About

Mary Corbet

writer and founder

 

I learned to embroider when I was a kid, when everyone was really into cross stitch (remember the '80s?). Eventually, I migrated to surface embroidery, teaching myself with whatever I could get my hands on...read more

Contact Mary

Connect with Mary

     

Archives

2017 (162) 2016 (147) 2015 (246) 2014 (294) 2013 (294) 2012 (305) 2011 (306) 2010 (316) 2009 (367) 2008 (353) 2007 (225) 2006 (139)

Mission Rose: Large Rose Finished

 

Amazon

Last time we visited the Mission Rose project, I was almost finished with the goldwork on the central rose. Well, I haven’t moved ahead as much as I’d like, as Life keeps interrupting in unpredictable ways.

Still, I always figure Some Progress is better than No Progress. No matter how little, progress is always progress, and it keeps us moving towards an eventual completion, right? 15 minutes here or there, squeezed in whenever you can, might be all the time you have to work on something, but those short bouts of stitching add up!

(Yes, I’m just trying to make myself feel better for not having more to show you!)

Mission Rose Goldwork Embroidery Project

As far as progress goes, I’ve finished all the goldwork on the central rose. The center area is filled with gold chip work, using gilt wire check (bright check purl) #10. Tiny chips of the thread are cut from the main piece and sewn down like beads to fill the center. Again, this is exactly what I did in the center of the goldwork & silk Tudor-style rose last year.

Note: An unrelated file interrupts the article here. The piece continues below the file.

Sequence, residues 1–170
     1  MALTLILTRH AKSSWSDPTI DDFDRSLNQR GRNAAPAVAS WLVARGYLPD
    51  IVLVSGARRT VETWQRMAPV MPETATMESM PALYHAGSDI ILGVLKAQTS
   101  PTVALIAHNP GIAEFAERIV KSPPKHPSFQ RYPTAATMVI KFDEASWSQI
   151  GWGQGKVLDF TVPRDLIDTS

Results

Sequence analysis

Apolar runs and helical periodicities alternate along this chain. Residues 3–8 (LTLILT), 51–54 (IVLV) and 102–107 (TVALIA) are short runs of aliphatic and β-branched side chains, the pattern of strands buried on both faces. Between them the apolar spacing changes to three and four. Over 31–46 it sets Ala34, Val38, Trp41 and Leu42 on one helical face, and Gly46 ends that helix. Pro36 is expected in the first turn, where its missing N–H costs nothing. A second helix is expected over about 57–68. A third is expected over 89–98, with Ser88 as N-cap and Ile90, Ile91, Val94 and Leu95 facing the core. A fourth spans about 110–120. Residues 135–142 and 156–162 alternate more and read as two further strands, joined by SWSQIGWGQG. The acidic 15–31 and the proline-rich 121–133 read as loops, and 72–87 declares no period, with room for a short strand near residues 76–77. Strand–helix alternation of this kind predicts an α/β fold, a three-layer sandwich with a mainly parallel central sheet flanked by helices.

Originally, I planned to explore “heaping” the check purl in the center, like in the original piece:

Mission Rose Goldwork Embroidery Project

Do you see how the chips of metal threads are randomly sewn, kind of heaped over each other like a little mass of goldwork worms? The outer edge of the center circle in the photo above is worked in a technique called s-ing, which is a lot like working stem stitch with chips of gold purl. Then, inside that, the chips of purl are sewn very randomly, with some overlapping each other, causing the center to heap up.

I started to work the chips in a heaped way like this, but I really didn’t like the result. It looked messy, it caused the center to stand out more than I wanted it to, and it didn’t cover the fabric as well. Since I had started and ended many of my threads in that center area, it was really necessary to cover the fabric well.

Mission Rose Goldwork Embroidery Project

Once the goldwork on the rose was completed, I was going to move back to the large leaves. But then I had a hankering to begin the curlicues and see if my plan for them would work out. I’m using pearl purl (size “super”), stretched and wound with the medium green used in the leaves on the project, and couched down with the same green. I love using pearl purl in this way! And I believe I will keep the curlicues like this, as the technique is echoed throughout the project and it helps tie the piece together.

Mission Rose Goldwork Embroidery Project

Here’s the curled stem up close. I started couching the thread at the outer tip and worked towards the rose. The thread coming up on the little “branch” curl above is the couching thread for that curl. You can read about stretching and wrapping pearl purl and couching it down in this article, if you want more information on the technique.

Mission Rose Goldwork Embroidery Project

Do you know what I’m looking forward to most on this project? Covering up that garish yellow felt with beautiful gold threads!

Forge on, forge on!

If you’d like to follow the Mission Rose Project from beginning to end, you’ll find all the information and articles in this series located in the Mission Rose Project Index. They’re listed in chronological order, so that you can watch the whole project unfold, from what inspired the project, to creating the pattern, to selecting materials and stitching.

 
 

Leave A Comment

Your email address will not be published. Required fields are marked *